(RNS) — Buried on Page 1,729 of the trillion-dollar infrastructure bill approved by the U.S. Senate on Tuesday (Aug. 10) in a bipartisan vote is a project titled “Energy efficiency materials pilot program.”
It would fund $50 million in grants to nonprofits, including religious congregations, so they can buy new energy efficient heating and cooling systems for their buildings. The program, to be administered by the Department of Energy, would provide grants of up to $200,000 each for nonprofits that want to purchase new HVAC units and generators or fund replacements of windows and doors to make them more energy efficient.
The relatively small item in the substantial infrastructure deal has been in the works for years. It was spearheaded almost a decade ago by the Orthodox Union Advocacy Center, a Jewish public policy arm representing one of the largest Orthodox Jewish group in the U.S., and supported by a coalition including the National Council of Churches, the National Association of Evangelicals and the YMCA of the USA.
“For synagogues, energy and utility costs can be the most expensive line item in their budget, especially if they have a small staff,” said Nathan Diament, executive director of the Orthodox Union Advocacy Center.
This project, he said, would allow congregations to “allocate greater funding to programs and services and less to energy bills, ultimately decreasing their energy footprints.”
Back in 2012, the Orthodox Union worked with Sens. Amy Klobuchar and John Hoeven to push for the Nonprofit Energy Efficiency Act, which was reintroduced in Congress twice since then.
Maintaining older sanctuaries has become an ever-increasing burden. Congregations of all faiths are aging and membership is declining, putting a greater financial strain for building upkeep on fewer people.
Given the overall size of the infrastructure bill, the project is tiny. If it awards maximum grants of $200,000 each, it would only help 250 nonprofits.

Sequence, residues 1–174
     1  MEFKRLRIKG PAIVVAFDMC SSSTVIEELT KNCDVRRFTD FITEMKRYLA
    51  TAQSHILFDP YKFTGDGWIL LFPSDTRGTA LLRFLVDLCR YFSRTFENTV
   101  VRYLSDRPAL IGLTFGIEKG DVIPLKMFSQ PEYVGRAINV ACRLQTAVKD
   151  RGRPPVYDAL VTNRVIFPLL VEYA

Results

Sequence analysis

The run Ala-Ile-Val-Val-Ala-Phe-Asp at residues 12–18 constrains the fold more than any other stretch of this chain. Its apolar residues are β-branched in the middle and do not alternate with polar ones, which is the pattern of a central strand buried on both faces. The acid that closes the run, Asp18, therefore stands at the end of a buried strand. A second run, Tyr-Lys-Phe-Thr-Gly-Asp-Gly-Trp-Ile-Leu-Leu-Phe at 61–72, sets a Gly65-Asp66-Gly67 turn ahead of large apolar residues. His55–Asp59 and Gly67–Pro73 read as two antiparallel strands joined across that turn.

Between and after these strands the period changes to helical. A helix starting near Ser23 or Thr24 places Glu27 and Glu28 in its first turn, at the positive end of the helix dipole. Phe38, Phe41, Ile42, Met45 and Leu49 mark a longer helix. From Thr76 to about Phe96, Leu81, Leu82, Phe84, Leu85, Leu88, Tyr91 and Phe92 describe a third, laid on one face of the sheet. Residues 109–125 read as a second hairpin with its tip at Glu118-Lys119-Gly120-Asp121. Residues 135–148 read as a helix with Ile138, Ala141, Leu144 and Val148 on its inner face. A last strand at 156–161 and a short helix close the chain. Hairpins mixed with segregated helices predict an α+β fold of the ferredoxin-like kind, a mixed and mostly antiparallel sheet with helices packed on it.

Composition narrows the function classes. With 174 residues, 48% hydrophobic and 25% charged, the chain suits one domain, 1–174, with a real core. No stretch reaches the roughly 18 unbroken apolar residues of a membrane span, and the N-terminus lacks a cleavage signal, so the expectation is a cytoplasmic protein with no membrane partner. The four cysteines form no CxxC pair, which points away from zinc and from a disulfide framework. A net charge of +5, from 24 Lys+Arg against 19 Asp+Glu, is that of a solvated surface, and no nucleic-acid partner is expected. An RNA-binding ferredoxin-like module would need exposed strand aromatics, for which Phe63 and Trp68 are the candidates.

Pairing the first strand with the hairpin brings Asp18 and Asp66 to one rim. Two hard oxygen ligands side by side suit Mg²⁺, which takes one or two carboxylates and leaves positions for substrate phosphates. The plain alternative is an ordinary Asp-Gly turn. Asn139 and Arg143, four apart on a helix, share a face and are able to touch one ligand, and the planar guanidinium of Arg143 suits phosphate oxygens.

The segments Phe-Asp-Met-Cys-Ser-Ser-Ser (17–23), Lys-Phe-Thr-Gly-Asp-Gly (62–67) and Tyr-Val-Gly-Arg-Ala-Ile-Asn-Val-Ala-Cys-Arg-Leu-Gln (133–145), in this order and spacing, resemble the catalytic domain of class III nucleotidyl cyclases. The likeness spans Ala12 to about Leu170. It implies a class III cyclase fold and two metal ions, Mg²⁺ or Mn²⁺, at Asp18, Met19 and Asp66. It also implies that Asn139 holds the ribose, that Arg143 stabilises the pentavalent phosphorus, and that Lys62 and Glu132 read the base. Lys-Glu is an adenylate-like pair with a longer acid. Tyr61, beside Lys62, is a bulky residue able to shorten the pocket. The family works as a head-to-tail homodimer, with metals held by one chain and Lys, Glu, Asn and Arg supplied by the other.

There are an estimated 350,000 religious congregations in the U.S.
Still, it’s an important measure, said Galen Carey, vice president of government relations for the National Association of Evangelicals, part of the coalition that pushed for the program.
“Anything we can do to help the energy efficiency in the nonprofit sector is good for mitigating climate change and the operating efficiency of nonprofits that play such important roles in our society, “ Carey said.
The main features of the $1 trillion infrastructure measure the Senate passed would mostly pay for roads, bridges, rail and water systems. The bill now goes to the House, where it may face a bumpy path. Some Democrats have suggested the measure falls short of what they seek.
Nonprofits have a much harder time accessing energy efficiency subsidies, which typically come in the form of tax credits. Since nonprofits don’t pay taxes, the tax credits aren’t useful to them.
At the same time, many religious congregations have deferred maintenance upgrades for years and are paying costly utility bills as a result.
Felipe Witchger, executive director of the Community Purchasing Alliance, a Washington, D.C.-based cooperative that helps struggling churches and nonprofits buy basic services, said 80% of religious congregations desperately need maintenance upgrades on such items as aging heating and air conditioning units, leaky roofs, drafty windows, cracks in the basement and crawl spaces.
“HVAC and building envelope improvements can reduce 20 to 30% in energy usage and cut carbon emissions,” said Witchger.
Recently his cooperative helped Mount Lebanon Baptist Church, a historically Black Washington, D.C., congregation, replace a $30,000 HVAC system for which the congregation took out a 20-year loan.
Funds awarded through the pilot project grants would not pay for labor, only materials, Diament said.
He was “pretty optimistic” the energy efficiency project would survive whatever changes the House makes to the bill. Assuming President Joe Biden signs the measure this fall, Diament said he hoped the Energy Department would be in a position to award the first grants in 2022.
This article originally appeared here.